When the Pac-12’s seven-game football season kicks off on Saturday, Nov. 7, some new signage will accompany the teams finally taking the field. That’s because, within a one-week span, the conference announced a trio of corporate sponsorship additions to its roster.
First was a multi-year partnership with Pacific Seafood, the first-ever Official Meat and Seafood Provider of the conference. Next came the addition of an Official Bank in Pacific Premier Bank, followed by business communications company Nextiva becoming the Pac-12’s Official Communications Partner. The deals mark more than needed revenue sources and new supporters; they’re also proof of concept for the conference’s sales strategy shift. Just before the pandemic, the Pac-12 altered its market approach—and now, it appears to be paying off.
“What I noticed when I first showed up was the previous regime—because we’re a network—was really focused on selling ads and advertising spots,” said Steve Tseng, executive vice president of sales for Pac-12 Networks, who joined the conference a year and a half ago. “It was very transactional, and that’s fine, but at the end of the day, you’re never going to be able to get above that certain media package. The whole linear role is declining with cord-cutting. The IP is actually what should be driving these conversations.”
Tseng turned the conference’s revenue focus to “selling the conference’s footprint” and expanding the scope of deals done.
“The Pac-12 is a great brand [with] a great footprint on the West Coast at our 12 universities. In the metros where we operate, as well as our alumni and student bodies, it’s second to none if you’re a brand that wants to touch the West Coast,” he said. “We may not have the biggest numbers like the SEC and the Big Ten, but our audience is very desirable. We’re also trying to sell truly fully integrated packages—not just spots and dots—which allows us to increase our margins. You throw in some digital, some social, the traditional sponsor assets, which are signage and tickets and hospitality and [things] like that. Then we’ve been finding new assets, creating new opportunities for partners to reach that audience.”
Nextiva, for example, not only has rights to IP and assets at the conference level—notably, the Pac-12’s football championship game and its Las Vegas-based basketball tournament—but the communications company also has rights to the same at each individual institution. The partnership grants Nextiva visibility across the six-state scope of Pac-12 football and basketball, which extends from Washington to Arizona. Pacific Premier Bank will have a “significant presence” across the Pac-12 Networks’ on-air and digital platforms and programming, the conference said, which reach those same markets. Pacific Seafood’s deal, which makes the company an official football championship partner, also includes mutually beneficial branding. The sponsor gets signage rights at major conference events, while the Pac-12 receives eventual conference logo placement on the seafood company’s products in grocery stores across the West Coast.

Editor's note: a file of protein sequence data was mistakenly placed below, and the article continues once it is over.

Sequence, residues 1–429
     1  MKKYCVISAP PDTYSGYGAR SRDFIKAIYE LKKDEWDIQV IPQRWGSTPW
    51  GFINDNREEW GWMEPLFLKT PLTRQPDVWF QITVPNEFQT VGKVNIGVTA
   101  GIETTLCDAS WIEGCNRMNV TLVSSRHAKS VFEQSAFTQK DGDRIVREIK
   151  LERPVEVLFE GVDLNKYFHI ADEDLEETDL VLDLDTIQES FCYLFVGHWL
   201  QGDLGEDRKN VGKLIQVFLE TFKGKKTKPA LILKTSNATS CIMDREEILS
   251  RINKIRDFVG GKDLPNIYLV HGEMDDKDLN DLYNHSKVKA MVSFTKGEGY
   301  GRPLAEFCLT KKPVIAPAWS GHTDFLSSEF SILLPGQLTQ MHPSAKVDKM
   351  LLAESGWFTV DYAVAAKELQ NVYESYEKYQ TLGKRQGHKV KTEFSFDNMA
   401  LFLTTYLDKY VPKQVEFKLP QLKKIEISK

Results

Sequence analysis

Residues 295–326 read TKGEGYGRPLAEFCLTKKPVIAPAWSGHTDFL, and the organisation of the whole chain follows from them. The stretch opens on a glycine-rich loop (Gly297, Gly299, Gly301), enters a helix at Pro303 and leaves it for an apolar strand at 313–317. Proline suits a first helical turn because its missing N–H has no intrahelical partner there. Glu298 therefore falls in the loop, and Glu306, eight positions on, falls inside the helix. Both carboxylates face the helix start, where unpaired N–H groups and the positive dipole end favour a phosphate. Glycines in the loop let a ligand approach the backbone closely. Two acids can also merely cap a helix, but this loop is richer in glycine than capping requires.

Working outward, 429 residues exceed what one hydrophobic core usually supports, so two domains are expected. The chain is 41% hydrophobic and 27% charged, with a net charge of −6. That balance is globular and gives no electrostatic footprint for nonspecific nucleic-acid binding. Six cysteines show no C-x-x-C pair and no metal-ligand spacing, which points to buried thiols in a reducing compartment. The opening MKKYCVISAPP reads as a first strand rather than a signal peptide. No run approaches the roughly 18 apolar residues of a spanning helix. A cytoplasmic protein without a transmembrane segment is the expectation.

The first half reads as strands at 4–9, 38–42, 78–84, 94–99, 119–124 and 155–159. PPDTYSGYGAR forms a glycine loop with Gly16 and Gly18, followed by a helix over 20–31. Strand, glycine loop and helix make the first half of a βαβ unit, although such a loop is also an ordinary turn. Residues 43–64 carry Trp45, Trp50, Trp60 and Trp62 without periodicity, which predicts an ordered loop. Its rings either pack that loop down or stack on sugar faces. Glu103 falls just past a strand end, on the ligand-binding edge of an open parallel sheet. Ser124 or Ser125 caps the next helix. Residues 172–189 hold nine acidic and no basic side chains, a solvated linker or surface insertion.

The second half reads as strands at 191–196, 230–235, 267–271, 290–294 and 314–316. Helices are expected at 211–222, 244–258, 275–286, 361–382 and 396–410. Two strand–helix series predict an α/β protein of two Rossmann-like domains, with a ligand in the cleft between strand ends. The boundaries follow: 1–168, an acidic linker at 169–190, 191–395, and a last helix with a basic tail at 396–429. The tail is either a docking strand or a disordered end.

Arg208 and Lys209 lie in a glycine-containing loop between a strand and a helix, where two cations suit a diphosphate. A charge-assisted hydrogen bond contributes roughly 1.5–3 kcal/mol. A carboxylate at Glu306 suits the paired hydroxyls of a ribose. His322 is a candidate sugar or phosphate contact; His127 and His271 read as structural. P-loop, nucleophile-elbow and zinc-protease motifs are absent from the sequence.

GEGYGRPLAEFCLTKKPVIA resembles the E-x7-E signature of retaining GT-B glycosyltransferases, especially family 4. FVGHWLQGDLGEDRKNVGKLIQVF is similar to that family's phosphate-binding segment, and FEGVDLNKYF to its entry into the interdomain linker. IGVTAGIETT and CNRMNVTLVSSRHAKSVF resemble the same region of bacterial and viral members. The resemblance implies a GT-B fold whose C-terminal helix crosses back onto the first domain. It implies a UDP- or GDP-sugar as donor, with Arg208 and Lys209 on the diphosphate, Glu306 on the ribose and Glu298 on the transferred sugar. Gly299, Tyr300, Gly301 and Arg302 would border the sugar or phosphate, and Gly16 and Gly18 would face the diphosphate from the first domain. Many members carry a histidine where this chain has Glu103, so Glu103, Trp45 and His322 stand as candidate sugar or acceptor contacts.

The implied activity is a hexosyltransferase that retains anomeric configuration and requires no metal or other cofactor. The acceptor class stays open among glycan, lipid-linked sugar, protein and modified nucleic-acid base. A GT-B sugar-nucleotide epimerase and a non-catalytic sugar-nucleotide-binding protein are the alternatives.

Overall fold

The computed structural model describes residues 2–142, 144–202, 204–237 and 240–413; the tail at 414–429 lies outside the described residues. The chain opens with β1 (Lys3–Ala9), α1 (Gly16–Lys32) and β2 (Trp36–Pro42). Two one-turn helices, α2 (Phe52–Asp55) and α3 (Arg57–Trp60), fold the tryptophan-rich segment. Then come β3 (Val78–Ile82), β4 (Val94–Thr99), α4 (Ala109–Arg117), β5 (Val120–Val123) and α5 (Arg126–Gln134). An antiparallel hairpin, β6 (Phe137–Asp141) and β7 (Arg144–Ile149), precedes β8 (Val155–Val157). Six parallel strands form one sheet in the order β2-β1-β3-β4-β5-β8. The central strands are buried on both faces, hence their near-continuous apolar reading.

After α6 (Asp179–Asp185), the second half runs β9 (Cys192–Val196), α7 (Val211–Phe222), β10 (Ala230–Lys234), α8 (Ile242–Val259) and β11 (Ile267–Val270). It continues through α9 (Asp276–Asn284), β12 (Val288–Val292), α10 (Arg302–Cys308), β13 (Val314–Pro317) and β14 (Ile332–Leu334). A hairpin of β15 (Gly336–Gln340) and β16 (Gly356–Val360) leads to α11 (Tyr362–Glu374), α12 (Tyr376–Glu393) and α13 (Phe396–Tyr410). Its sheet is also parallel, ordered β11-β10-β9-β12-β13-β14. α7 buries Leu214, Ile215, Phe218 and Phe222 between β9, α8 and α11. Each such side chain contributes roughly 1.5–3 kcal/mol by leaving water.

The trio of new additions join the Pac-12’s existing partners, which include Dr. Pepper, Gatorade, GEICO, New York Life and Redbox. More deals and renewals are expected in the coming weeks and months, the conference said, but it’s clear from the list of existing sponsors that some already understood the benefit of the West Coast reach that the Pac-12 is now actively selling. For example, New York Life, the conference’s basketball tournament presenting sponsor, only sponsors two other properties: the ACC and the Macy’s Thanksgiving Day Parade, both of which take place on the opposite coast.
New sponsorships also help on the revenue side in a year when athletic departments across the country are struggling. During the 2019 fiscal year, the conference’s revenue distribution landed just upwards of $32 million per school, behind the likes of the Big Ten or SEC. The majority of that came from the conference’s top-tier television contracts with FOX and ESPN, which it should still be able to fulfill given the modified football season plans. Commitments to its next level of media distribution partners (who carry the games the aforementioned partners do not) are going to be tougher to meet because, as Tseng says, “there’s not enough games.” Sponsorships and partnerships comprise the second major revenue source, where deals like the recently announced trio help the conference mitigate losses.
Conversations with the new sponsors started pre-pandemic, but activations weren’t attainable until sports returned. All of the Pac-12’s existing partners, outside of New York Life, have already re-upped, albeit some with modified terms. As with all dealmaking put on pause by COVID-19, the conference had to play the waiting-and-adjusting game.
“We’re not going to play hardball with anybody. We’re going to be really flexible, depending on the business situation of each of our partners,” Tseng said. “Some were hurting more than others—and you’d be surprised which brands really were hurting, where we actually gave money back in some instances or we’d say they don’t have to pay for another three months until sports starts again. Flexibility is definitely the name of the game today.”
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